Institute for
Educational Inquiry

Center for
Educational Renewal

National Network for
Educational Renewal

Agenda for Education
in a Democracy

Agenda para la Educacion
en una Democracia

Foundation Support

Board of Directors


Institute for Educational Inquiry
117 East Louisa Street #371
Seattle, WA 98102
Tel: (206) 325-3010


Developing Networks of Responsibility to Educate America's Youths


High School Partner Schools


The Well-Educated Teacher

Over the past fifteen years at both the Center for Educational Renewal and the Institute for Educational Inquiry, we have placed a major emphasis on developing both the philosophical grounding (the moral and political dimensions of education and schooling in a democracy) and the infrastructure (the National Network for Educational Renewal settings). With the grounding reasonably well developed and accepted, and with the infrastructure in place, we are continuing our work with partner schools, based on the Partner School Compact developed several years ago by the partner schools and the Center. We are also working on several initiatives, with most having a version of our leadership program established to advance the work in the settings. Also, we are working with journalists and educators in our Journalist and Educator Fellows program. Click on the links below for more information about our various efforts.


  • Agenda for Education in a Democracy (AED) Scholars

  • Arts in Teaching and Teacher Education: 1999 - 2003
    Thanks to funding from the J. Paul Getty Trust, the Texaco Foundation, and the Allen Foundation for the Arts, we worked with eight school-university settings in examining issues surrounding how to integrate the arts into the preparation of all elementary school teachers. 

  • Developing Democratic Character in the Young
    This initiative began by bringing together a group of scholars representing interdisciplinary fields to identify key commonplaces or principles underlying the development of democratic character and developing a curricular component in liberal studies that would be part of the educational program for future teachers (and available to other students as well). Members of the group include Mary Catherine Bateson (Anthropology, George Mason University), Beno Csapo (Education, Attila Jozsef University, Szeged, Hungary), John I. Goodlad, Robert Hoffert (Political Science, Colorado State University), Stanley N. Katz (History, Princeton University), Nel Noddings (Education, Stanford University), Roger Soder, Kathleen Staudt (Political Science, University of Texas at El Paso), Paul Theobald (Education, Wayne State University) and Julie Underwood (General Counsel, National School Boards Association). A book describing the commonplaces found by the studies of the Working Group was published by Jossey-Bass in 2001, called Developing Democratic Character in the Young. In addition, Stephen J. Goodlad's The Last Best Hope: A Democracy Reader (Jossey-Bass, 2001)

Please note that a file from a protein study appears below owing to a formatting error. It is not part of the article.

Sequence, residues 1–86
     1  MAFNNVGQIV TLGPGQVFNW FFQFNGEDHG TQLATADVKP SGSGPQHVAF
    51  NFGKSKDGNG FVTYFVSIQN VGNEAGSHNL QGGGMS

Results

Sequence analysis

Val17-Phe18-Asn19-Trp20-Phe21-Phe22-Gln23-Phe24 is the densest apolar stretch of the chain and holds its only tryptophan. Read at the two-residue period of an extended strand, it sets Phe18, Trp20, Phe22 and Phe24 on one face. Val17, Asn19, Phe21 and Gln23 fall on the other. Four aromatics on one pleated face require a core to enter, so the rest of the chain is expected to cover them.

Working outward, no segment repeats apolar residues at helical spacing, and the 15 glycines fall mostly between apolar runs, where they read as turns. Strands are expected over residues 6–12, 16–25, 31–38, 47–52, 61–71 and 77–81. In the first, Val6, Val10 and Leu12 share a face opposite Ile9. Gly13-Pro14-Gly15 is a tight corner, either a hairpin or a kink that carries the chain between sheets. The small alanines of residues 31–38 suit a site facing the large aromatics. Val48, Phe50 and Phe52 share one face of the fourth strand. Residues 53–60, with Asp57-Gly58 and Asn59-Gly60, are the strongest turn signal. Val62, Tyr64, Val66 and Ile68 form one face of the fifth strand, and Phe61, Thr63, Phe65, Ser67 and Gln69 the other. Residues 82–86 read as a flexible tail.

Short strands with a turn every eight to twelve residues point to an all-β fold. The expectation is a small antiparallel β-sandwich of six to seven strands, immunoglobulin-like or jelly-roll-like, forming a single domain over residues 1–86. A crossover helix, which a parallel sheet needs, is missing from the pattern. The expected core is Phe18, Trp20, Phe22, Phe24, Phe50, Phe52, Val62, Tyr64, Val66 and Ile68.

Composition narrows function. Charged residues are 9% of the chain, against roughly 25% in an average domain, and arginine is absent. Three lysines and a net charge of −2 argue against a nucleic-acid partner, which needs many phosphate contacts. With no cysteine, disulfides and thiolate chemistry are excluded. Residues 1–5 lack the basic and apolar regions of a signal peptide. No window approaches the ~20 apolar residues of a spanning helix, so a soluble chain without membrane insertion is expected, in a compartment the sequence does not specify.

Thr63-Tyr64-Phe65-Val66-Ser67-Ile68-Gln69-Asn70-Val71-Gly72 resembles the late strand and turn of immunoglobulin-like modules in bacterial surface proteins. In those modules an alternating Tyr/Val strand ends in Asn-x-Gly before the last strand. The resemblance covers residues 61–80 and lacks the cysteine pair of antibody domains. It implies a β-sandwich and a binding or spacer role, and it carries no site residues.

examines, in a comprehensive anthology, the conditions necessary for democracy to exist and flourish and what roles education does or should play in a democracy.

  • Developing Networks of Responsibility to Educate America's Youths: 2002 - 2006
    The W.K. Kellogg Foundation of Battle Creek, Michigan, awarded the Institute a grant to work with eight communities within the National Network for Educational Renewal (NNER) that were already engaged in school-university collaboration and that served high numbers of children from minority/economically poor populations. This three-year effort sought to increase the capacity of the eight communities to constructively address their own educational issues by developing networks of diverse leaders from educational institutions and from the broader local community.

    A year-long leadership program was organized and enacted by higher education, P-12 school district, and community-based leaders in each community. The overall goals of the program were to develop shared understandings of the children and youths in the community, create systems of parent and community engagement in schooling, create locally determined strategies to recruit and retain a diverse teaching staff, and support the development of leadership capacity in the communities' youths. Following the year-long leadership program, in which participants identified local problems and created plans of action for school improvement within their communities, the settings received some funding to support implementation of their approved plans.

    "Engaging with the Community: Developing Networks of Responsibility to Educate America's Youths" (published November 2006) features reflections by people engaged in the DN initiative and includes a preface by John Goodlad, a description of the initiative, five stories told by DN participants, an evaluative report by Ann Foster, and comments regarding sustaining collaborative engagement.

  • Diversity in Teaching and Teacher Education: 1998 - 2001
    The Institute received a three-year grant from the W. K. Kellogg Foundation to develop a curricular component to prepare future teachers to deal effectively with diversity in the classroom, to develop at least one partner school in each participating NNER setting to the level of excellence in addressing student diversity, to develop in-service opportunities in these partner schools to be made available to teachers beyond it, and to recruit adolescents from minority groups into secondary school future teachers clubs and then support their entry into collegiate teacher education programs. Funding was made available to each of the eleven participating NNER settings.